Longest race of my life: two weeks to Ironman; diet


Airman 1st Class Clayton Wear holds his weekly allowance of healthy food in his hand September 6, 2017, Vandenberg Air Force Base, Calif. Wear prides himself on the quantity of healthy food he consumes each week. (U.S. Air Force photo by Airman 1st Class Clayton A. Wear/Released)


If you have been following this series, then you would know that two weeks from this Sunday I will be competing in the Ironman 70.3 Superfrog. I have written about many aspects of my training, and now seven articles in; I am running out of ideas.

I started asking those of you who have emailed me about this commentary series, to see if there were any aspects of training you were curious about. To my surprise, many of you wanted to know about my diet. But, before I divulge my food consumption I want to make it entirely clear that this training regimen has been experimental.

I do not stick to a strict diet at all. Each time I burn more than 3,000 calories in a workout, I promise you with the Air Force as my witness, that within the hour I’ll be in the Dominos line ready to pick up a large pizza, and cinnamon sticks.

The only time I do follow somewhat of a diet is before my long workouts, but even then it isn’t for typical dietary reasons. I avoid heavy carbs, eat salt, hydrate as much as possible, and snack rather than eating three meals for gastrointestinal reasons. (Due to professionalism, I will allow you to imagine how this would be a problem five miles from the nearest bathroom, rather than extrapolate in detail the awkward walk, in spandex running shorts, back to a change in clothes.)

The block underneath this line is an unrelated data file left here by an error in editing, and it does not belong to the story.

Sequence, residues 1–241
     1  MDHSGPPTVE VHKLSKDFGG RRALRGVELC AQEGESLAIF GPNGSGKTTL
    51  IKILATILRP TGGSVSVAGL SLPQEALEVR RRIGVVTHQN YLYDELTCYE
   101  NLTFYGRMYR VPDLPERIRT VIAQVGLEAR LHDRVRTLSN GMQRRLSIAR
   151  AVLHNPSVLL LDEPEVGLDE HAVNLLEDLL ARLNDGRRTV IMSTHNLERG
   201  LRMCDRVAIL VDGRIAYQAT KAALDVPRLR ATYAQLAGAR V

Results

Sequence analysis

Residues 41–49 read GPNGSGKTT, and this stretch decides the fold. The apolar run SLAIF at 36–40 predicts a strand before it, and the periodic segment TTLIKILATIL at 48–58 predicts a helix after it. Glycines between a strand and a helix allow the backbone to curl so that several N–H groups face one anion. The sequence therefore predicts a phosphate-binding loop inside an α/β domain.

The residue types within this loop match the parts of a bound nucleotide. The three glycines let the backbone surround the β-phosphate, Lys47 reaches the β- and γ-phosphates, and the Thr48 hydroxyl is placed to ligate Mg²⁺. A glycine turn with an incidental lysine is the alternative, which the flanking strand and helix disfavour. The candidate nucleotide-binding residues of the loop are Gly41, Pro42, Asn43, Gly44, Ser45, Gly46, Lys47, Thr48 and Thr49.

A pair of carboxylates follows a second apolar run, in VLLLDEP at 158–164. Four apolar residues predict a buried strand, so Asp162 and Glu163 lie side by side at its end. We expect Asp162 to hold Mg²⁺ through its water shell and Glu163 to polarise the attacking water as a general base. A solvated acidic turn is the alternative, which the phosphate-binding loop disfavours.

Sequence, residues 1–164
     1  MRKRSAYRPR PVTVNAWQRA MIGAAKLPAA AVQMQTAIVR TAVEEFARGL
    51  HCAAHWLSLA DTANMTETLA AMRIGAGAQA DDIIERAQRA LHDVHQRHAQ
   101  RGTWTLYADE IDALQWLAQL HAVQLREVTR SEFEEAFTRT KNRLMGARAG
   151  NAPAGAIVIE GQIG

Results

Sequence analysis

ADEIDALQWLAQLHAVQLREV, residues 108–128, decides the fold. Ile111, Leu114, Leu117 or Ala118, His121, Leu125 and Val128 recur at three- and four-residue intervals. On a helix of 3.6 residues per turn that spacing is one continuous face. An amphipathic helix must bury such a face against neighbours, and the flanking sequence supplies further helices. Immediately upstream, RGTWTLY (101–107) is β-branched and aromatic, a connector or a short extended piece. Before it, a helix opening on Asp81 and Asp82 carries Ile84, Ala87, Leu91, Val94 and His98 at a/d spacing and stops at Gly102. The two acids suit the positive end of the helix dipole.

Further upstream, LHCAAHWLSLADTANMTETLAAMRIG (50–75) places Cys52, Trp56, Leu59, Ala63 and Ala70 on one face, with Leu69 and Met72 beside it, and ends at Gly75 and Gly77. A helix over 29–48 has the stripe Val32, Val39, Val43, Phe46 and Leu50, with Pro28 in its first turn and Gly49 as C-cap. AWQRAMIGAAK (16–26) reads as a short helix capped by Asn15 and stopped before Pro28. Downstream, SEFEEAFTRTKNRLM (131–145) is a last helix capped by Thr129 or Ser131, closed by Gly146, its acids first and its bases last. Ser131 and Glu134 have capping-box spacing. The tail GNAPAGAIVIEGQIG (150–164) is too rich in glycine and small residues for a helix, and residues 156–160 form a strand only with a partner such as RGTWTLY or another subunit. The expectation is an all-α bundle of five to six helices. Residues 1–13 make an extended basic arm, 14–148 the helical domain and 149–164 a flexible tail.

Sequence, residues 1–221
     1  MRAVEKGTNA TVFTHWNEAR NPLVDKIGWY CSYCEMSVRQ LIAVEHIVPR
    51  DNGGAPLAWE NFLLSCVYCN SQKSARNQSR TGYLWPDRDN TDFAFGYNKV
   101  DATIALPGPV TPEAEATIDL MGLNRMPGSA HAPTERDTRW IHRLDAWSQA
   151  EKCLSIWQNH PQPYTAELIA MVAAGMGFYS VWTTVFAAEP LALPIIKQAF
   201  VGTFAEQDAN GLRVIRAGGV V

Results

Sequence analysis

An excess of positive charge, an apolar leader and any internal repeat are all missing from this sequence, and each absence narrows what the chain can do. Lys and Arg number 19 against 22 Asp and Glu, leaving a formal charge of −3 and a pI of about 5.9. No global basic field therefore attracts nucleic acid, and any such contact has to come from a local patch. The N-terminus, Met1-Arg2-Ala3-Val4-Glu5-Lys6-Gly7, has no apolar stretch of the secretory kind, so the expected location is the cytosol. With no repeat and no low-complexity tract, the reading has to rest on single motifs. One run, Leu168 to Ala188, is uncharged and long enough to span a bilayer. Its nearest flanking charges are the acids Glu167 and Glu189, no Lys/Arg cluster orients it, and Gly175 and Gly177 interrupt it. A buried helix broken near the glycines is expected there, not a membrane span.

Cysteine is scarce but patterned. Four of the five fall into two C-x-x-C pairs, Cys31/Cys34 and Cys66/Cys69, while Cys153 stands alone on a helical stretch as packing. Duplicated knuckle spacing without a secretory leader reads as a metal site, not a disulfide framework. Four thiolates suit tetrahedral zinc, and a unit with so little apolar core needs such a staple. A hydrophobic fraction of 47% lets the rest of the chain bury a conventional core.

With the time constraints of college, work, and usable sunlight during the work week; I shift my ‘diet’ to the later days of the week in order to prepare for the weekend when I have the time for the longer workouts.

This has worked great for my training and my nutritional discipline since I have an allowance for some junk food here and there. I realize, though, that when I no longer burn 4,000 calories a day that I will have to take on some serious dietary measures to remain fit for an active duty lifestyle, but until then; more Oreos, please.


My shameless base plug:

In all seriousness, a few weeks ago I took pictures of the “Ask a Dietitian” booth at the Base Exchange. I was standing in the background taking photos as the base dietitians were answering questions. From that experience I can honestly say that the base medical group has two fantastic nutritionists who are here to help active duty military members achieve their fitness goals with educated advice, unlike myself.


Editor’s note: This is an on-going 10 week series. You can visit www.vandenberg.af.mil and the 30th Space Wing Facebook page every Friday for a new feature.